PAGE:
6 November 2017
Considering his current responsibilities in managing over 100 Project Managers in seven different countries, you may not suspect that our Head of Project Management, Dave Corbin, started his career as an apprentice gas engineer at British Gas.
From an early age, Dave knew that conventional educational pathways were not for him; he needed real-world experience to thrive.
Dave’s success reflects tremendously on the merits of apprenticeships in our ongoing endeavours to bridge skills gap and introduce the brightest young minds into our fold. We are immensely proud to support practical and alternate forms of education.
At a recent G4C North West (Generation 4 Change) event, where he was invited to speak, Dave said: “It is the duty of organisations like WYG to support Apprenticeships and Graduate Development programmes, to make our careers attractive to new generation. We need to make sure that we have the skilled workforce necessary to deliver projects in the future.”
At only 15, Dave had already finished school, but his weak GCSE results made any prospects of acceptance into A-level schools or universities unlikely. He needed an alternative to continue his personal development and find a suitable career path.
By what he considers a stroke of good fortune, Dave happened upon a gas engineer apprenticeship with British Gas. It was an opportunity to organically learn about the industry, gain some experience, and become ready to pursue further academic knowledge.
“I was lucky to get my apprenticeship,” Dave said. “It has certainly suited my combination of practical ability and academic application. Whilst what I do now is a million miles away from the start, it is wholly linked with creating or managing assets in the built environment in one way or another.”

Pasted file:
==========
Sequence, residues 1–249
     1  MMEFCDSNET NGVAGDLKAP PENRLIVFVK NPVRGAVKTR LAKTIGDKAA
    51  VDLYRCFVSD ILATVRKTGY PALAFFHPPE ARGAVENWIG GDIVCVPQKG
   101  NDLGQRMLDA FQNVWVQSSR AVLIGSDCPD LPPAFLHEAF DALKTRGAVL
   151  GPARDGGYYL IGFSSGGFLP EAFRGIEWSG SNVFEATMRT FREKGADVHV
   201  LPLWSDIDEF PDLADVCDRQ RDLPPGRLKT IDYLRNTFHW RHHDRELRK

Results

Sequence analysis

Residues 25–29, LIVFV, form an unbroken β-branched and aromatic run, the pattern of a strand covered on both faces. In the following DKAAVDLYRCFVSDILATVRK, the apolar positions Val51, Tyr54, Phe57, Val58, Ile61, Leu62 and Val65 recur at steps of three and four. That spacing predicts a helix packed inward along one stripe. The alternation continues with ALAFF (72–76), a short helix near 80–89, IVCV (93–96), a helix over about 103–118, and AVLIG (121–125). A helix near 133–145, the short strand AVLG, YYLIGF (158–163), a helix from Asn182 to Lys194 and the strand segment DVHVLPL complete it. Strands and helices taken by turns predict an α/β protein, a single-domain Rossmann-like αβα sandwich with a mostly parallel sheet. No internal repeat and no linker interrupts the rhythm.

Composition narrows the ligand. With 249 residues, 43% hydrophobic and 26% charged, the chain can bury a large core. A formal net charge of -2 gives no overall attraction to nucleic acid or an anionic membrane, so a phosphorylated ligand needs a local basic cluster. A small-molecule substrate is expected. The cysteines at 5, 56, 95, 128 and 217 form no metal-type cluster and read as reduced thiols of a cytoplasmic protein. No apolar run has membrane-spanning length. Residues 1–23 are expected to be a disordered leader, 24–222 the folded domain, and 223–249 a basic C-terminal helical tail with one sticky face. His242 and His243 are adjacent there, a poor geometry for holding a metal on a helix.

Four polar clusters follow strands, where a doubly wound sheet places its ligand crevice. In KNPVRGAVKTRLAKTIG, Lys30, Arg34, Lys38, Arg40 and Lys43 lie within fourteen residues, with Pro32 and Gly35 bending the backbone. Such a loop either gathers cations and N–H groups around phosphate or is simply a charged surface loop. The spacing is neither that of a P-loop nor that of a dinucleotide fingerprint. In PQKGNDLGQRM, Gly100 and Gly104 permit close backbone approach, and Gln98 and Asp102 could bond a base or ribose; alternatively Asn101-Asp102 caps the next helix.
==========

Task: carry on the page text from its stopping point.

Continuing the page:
From there, Dave chose to pursue a degree in Energy Engineering. It felt like the logical next step in his post-apprenticeship learning, and he now felt more grounded than he ever could have without this apprenticeship experience. The teenager who previously had no idea what to do for a career would go on to graduate with a first-class honours degree. He would then join a building services consultancy as a graduate consultant, before launching his career in project management.
As he puts it, time really did fly while he was having fun.
“I hope that my personal career shows that this industry is not limited to those who fit within the traditional education system and that it can give those within it the chance to discover what interests them.”
We are grateful to have people like Dave onboard, who inspire others in leading by example.
For our part, we’ve been increasing vacancies for graduates and apprentices at WYG year after year, encouraging greater involvement with our professional institutions and sponsoring apprenticeships. In so doing, we hope to lead young graduates in forming the bedrock of our business going forward.
To the younger generation, Dave concludes with these words: “follow your instincts and any opportunity you get to test new ideas and get yourself outside your comfort zone. These opportunities are the steps that will establish your professional reputation and build your career.”